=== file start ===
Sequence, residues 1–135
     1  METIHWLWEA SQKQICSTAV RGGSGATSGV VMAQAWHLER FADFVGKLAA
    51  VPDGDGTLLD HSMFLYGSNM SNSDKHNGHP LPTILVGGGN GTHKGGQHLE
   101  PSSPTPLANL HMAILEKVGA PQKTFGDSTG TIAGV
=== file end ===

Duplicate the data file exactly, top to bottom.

Sequence, residues 1–135
     1  METIHWLWEA SQKQICSTAV RGGSGATSGV VMAQAWHLER FADFVGKLAA
    51  VPDGDGTLLD HSMFLYGSNM SNSDKHNGHP LPTILVGGGN GTHKGGQHLE
   101  PSSPTPLANL HMAILEKVGA PQKTFGDSTG TIAGV